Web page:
We received a resume last week with an objective statement that is almost humorous, except that it will probably hurt the job seeker’s chance to find a job. Here’s the objective:
To utilize my technical and management skills acquired over the last 36 years for one more challenge.
Now, this objective misses the mark on a few counts. First, it’s completely general. It says the job seeker wants a job – not much more.
Second, it highlights the job seeker’s age. Will this hurt the job seeker? I don’t know. Discriminating on the basis of age is illegal and wrong, so hopefully this won’t hurt this individual. If it doesn’t hurt, it still won’t help. Stating that the job seeker has 36 years of experience doesn’t add much value (especially since it doesn’t say what the experience is).
Finally, it conveys that the job seeker does not intend to have a lengthy tenure in their next position. Stating that they are looking for “one more challenge” leaves me with the impression that they are biding their time until retirement and intend to have a short tenure. Finding, hiring and training new employees are expensive and time consuming activities. You should not give the impression that you are not going to stick around long enough for a company to recoup their costs. Another individual, regardless of age or background that conveys an image of stability and loyalty will have an edge over this individual.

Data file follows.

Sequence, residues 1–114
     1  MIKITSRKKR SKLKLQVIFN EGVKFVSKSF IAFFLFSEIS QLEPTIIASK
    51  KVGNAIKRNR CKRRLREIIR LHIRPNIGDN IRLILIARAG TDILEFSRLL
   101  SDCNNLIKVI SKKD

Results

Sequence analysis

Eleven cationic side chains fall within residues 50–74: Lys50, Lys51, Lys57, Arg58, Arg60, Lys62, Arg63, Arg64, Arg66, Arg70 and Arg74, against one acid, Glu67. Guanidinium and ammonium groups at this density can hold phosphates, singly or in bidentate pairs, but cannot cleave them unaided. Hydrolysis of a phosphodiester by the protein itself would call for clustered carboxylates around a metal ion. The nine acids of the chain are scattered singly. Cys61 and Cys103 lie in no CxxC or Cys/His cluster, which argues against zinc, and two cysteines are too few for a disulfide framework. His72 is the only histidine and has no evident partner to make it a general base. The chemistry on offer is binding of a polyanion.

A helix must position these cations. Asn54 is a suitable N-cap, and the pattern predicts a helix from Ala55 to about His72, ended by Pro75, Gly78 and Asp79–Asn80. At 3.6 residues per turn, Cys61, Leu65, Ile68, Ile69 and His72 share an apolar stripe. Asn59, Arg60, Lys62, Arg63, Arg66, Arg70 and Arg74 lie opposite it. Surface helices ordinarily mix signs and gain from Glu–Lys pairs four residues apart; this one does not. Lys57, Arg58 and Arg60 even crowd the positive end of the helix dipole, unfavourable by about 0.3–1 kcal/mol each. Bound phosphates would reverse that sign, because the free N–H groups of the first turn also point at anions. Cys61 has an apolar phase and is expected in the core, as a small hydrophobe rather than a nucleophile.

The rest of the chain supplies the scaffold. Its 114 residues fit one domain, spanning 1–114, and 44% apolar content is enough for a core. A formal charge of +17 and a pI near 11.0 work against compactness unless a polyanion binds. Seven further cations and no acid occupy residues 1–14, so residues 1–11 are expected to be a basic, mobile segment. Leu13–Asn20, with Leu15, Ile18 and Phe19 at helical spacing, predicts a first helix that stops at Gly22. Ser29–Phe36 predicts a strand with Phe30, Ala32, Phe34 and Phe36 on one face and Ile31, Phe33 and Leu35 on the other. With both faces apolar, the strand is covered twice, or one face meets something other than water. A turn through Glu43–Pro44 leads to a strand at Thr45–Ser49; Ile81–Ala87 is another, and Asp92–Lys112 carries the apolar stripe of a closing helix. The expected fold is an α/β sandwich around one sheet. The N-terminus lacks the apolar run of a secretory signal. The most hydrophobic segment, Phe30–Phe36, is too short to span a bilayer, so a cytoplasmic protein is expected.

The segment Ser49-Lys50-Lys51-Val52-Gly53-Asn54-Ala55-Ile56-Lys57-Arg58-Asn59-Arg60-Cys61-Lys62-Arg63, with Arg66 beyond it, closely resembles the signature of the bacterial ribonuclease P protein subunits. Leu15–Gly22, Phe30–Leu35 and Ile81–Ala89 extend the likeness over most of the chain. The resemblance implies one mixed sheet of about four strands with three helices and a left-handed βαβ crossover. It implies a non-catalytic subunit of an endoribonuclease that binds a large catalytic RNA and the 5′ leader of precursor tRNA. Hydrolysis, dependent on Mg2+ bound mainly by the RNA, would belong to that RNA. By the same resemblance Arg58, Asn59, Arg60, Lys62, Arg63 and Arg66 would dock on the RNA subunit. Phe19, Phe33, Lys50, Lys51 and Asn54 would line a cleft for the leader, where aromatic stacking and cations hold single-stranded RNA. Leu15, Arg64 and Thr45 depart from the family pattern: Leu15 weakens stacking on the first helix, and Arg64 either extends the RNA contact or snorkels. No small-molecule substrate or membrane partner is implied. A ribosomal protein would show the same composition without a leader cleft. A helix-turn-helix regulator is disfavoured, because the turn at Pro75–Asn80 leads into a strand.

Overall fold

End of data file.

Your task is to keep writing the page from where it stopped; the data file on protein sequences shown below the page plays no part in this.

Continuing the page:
Now, picture a hiring manager that is looking at two to three hundred resumes for a position. They only have a limited amount of time – maybe an hour or two. So they need to screen several resumes every minute. It’s likely that this individual will get screened out after reading just the objective statement. There’s nothing that will cause the reader to want to read more and there is a big signal that they job seeker will not stick around long. No matter how good the rest of the resume is (and it’s pretty good) there’s a good chance it won’t be read.